Traceability in the Canadian Dairy Processing Sector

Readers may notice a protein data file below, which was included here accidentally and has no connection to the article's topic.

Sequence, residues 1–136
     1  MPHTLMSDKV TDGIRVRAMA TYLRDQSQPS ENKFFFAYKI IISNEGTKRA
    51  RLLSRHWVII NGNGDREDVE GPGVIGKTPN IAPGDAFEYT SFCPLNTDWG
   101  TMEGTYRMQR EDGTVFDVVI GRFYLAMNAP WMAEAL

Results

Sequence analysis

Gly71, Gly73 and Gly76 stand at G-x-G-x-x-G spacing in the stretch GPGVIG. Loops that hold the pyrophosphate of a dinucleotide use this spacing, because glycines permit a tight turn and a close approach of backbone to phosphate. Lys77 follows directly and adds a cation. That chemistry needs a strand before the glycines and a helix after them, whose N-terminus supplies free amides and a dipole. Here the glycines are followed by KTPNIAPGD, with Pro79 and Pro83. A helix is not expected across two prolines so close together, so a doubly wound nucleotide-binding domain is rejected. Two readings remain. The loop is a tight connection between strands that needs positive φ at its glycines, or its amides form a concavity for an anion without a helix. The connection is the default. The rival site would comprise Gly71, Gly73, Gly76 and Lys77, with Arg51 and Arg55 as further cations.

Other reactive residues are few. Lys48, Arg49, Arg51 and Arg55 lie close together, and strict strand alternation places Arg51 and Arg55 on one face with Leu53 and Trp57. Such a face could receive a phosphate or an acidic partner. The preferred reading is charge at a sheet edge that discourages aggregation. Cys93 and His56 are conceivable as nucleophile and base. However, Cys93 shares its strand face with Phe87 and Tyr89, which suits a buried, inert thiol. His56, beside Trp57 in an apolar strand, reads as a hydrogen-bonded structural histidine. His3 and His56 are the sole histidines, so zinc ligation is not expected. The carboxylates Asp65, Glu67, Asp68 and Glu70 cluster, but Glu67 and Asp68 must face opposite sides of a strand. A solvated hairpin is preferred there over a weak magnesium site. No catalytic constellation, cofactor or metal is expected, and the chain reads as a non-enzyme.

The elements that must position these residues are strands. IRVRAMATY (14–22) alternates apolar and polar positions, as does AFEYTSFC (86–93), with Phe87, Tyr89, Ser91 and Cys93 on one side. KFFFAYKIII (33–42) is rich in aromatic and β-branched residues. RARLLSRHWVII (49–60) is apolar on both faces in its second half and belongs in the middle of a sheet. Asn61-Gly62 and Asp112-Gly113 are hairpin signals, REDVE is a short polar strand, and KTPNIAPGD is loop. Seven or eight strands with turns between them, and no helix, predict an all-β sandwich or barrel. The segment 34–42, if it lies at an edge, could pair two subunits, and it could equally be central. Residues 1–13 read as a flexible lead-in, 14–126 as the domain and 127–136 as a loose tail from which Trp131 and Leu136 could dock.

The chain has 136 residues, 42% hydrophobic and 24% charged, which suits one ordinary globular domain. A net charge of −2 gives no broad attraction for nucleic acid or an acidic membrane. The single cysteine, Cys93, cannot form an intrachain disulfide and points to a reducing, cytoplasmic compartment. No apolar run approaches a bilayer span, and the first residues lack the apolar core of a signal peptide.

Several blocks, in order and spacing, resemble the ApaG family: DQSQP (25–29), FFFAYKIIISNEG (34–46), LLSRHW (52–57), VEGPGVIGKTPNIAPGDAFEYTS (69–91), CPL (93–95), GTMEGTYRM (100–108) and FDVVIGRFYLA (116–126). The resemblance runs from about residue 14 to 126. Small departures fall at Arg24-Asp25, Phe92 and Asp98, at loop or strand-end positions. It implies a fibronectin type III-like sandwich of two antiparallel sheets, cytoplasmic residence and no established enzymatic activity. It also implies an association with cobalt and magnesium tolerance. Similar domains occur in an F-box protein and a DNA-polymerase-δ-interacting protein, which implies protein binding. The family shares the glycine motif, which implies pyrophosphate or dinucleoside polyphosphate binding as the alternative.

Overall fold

The agri-food chain today is significantly different from that of twenty years ago. Changing consumer demands, knowledge intensive technology, North American integration and globalization have all contributed to the evolution of the different segments of the chain, which include input suppliers, agricultural producers, food processors, and food distributors. The purpose of the performance report series is to create a picture of the economic health of the entire agri-food chain and its various segments, and to identify the challenges and opportunities that they will face in the future. To get a full picture of each component's and the whole chain's economic health, these reports will measure economic performance from several different perspectives; profitability, competitiveness, investment, productivity, innovativeness, etc. Traceability is the process of tracking or tracing the flow of products through a supply chain. Traceability systems can vary from simple traceback systems to systems that provide identity preservation and quality assurance. This report examines the extent of traceability in the Canadian dairy processing industry. The authors use a mail survey and Principal Component Analysis to better understand the drivers, the challenges and the costs and benefits experienced by firms which have implemented traceability systems. The report finds that most dairy processing plants had implemented a system of product traceability and are able to trace forward and backwards.
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